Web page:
It does not appear that any similar action will be taken in Texas, however, as Judge Mike Rawlings said that they will be taking good care of the pet while the 26-year-old nurse is in treatment.

The city’s animal shelter is now caring for the dog at an undisclosed location, officials said. The Dallas Animal Services and Adoption Center posted a note on its official Facebook page confirming their involvement and they wrote that they will be posting pictures “once we’ve shown the owner he’s okay.”

They also shared photos that showed a team of people in hazmat suits collecting the dog from Pham’s apartment Monday afternoon.

“It was a bit of a challenge,” the caption reads.

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iStock/Thinkstock(NEW YORK) — If you tax it, they’ll drink less of it.

That’s what seems to be happening in Mexico, according to The Wall Street Journal, after the government slapped a tax on sugary drinks to reduce consumption.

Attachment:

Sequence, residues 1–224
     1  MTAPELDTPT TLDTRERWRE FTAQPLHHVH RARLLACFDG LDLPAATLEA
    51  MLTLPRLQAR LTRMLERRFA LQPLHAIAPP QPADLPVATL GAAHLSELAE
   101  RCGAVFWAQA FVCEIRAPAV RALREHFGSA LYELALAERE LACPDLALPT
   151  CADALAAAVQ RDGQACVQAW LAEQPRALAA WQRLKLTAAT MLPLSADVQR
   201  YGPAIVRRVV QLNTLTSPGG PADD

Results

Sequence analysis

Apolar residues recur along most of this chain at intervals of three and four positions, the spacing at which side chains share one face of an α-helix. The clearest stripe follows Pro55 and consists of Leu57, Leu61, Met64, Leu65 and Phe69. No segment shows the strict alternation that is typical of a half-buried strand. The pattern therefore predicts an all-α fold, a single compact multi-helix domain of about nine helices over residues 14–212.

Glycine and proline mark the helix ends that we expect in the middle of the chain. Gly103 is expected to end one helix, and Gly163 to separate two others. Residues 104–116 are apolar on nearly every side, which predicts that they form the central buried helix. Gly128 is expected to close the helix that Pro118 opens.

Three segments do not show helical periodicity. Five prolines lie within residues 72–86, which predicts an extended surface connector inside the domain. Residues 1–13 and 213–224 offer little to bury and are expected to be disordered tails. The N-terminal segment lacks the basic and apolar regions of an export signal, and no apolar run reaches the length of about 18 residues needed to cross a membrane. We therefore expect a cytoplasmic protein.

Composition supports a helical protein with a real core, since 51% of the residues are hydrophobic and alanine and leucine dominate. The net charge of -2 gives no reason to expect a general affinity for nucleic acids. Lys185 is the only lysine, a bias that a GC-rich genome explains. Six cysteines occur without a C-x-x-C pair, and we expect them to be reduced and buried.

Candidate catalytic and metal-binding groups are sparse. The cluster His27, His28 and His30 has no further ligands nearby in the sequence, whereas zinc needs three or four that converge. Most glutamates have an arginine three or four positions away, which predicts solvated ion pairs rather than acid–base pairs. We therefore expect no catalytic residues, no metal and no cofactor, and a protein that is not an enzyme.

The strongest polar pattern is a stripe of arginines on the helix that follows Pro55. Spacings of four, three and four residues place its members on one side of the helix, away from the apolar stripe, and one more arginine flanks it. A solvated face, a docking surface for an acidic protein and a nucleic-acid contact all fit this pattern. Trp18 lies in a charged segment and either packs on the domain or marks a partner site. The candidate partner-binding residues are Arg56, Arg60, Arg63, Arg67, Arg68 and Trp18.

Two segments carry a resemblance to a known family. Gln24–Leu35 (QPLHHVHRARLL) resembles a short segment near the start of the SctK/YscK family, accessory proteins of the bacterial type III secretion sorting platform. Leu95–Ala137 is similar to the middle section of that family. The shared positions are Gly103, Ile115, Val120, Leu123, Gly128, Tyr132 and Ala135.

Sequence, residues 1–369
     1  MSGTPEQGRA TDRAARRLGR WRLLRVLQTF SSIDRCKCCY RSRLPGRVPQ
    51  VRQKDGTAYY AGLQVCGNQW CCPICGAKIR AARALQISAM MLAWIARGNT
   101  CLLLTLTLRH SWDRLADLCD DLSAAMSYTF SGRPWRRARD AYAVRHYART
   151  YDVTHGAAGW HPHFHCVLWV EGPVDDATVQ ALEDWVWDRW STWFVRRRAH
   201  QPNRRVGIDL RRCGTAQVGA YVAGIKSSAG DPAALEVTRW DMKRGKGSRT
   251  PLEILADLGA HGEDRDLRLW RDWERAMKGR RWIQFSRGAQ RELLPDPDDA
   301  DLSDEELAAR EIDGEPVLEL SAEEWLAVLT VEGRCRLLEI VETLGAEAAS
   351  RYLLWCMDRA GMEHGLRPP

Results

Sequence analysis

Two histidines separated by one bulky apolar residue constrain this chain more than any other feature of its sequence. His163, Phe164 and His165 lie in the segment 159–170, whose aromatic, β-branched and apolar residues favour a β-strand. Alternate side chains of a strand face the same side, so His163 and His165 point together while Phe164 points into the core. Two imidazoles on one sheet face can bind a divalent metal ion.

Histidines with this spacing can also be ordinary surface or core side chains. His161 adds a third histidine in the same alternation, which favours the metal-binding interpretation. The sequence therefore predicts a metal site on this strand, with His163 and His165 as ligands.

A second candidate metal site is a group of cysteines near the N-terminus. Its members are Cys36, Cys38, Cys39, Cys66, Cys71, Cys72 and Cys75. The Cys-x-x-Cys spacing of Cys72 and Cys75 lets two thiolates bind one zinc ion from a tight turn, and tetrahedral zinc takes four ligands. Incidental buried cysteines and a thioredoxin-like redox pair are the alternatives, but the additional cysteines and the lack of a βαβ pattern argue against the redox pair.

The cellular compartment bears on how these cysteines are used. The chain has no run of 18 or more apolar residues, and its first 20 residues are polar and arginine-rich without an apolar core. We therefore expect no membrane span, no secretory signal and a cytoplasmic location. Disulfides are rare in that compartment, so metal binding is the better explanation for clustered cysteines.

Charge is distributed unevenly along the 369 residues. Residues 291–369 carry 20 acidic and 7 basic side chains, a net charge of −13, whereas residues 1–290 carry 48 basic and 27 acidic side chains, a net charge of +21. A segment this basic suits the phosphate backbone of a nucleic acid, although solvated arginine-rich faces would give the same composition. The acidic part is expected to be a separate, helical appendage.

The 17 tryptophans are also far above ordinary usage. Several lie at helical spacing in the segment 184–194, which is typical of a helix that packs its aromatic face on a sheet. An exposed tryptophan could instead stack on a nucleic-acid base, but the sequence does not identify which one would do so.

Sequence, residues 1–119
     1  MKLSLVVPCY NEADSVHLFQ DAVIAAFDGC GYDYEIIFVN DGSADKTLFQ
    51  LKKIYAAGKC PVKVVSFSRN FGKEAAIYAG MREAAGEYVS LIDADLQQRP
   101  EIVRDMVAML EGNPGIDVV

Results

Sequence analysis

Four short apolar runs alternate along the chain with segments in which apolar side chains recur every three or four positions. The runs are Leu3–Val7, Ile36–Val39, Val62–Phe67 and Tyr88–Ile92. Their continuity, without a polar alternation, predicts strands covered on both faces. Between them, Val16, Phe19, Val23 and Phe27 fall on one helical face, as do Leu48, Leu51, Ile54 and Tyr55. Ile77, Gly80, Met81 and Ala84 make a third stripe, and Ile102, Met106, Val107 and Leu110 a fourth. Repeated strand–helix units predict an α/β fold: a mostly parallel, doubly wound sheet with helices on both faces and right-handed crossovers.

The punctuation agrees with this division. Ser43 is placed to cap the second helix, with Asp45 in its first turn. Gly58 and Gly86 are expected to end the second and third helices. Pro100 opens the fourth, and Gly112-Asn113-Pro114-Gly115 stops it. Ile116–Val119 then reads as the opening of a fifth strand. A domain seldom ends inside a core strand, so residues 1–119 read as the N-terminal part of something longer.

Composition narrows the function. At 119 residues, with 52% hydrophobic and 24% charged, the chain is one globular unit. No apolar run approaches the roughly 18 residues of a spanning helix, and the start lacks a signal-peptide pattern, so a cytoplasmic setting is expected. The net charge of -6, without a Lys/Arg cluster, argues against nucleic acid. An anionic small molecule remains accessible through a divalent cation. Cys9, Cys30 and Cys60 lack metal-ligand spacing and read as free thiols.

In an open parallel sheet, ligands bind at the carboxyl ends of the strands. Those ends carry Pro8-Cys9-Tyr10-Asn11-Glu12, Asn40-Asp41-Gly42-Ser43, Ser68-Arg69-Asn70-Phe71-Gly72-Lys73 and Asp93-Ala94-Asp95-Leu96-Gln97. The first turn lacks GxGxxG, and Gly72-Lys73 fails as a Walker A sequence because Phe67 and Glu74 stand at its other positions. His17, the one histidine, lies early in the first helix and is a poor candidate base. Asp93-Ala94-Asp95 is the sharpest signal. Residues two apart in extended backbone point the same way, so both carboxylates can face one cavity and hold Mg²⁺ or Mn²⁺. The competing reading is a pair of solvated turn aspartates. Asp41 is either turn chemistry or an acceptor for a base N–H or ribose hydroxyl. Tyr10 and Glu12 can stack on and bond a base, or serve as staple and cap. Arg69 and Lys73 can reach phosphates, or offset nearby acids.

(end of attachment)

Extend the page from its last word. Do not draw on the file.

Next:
A survey by public health advocates reveals that just over half of Mexicans who drink sugary beverages say they’ve cut back compared to a year ago.

According to 2013 statistics, one in four Mexicans consumed three liters of soda weekly with the number now falling to one in five.

People have also gotten the message that too much sugar is bad for your health. The survey said that 98 percent of Mexicans are aware that these drinks can boost the risk of diabetes and obesity.

That being said, Mexico has one of the unhealthiest diets in this hemisphere with 75 percent of the population reportedly overweight and nearly a fifth of adults over 50 diagnosed with type 2 diabetes.

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iStock/Thinkstock(NEW YORK) — One of the health lessons drummed into kids’ heads is that proteins are essential nutrients in building strong bodies while providing an important fuel source.

That lesson sticks with a lot of people well into adulthood given how much Americans consume animal protein.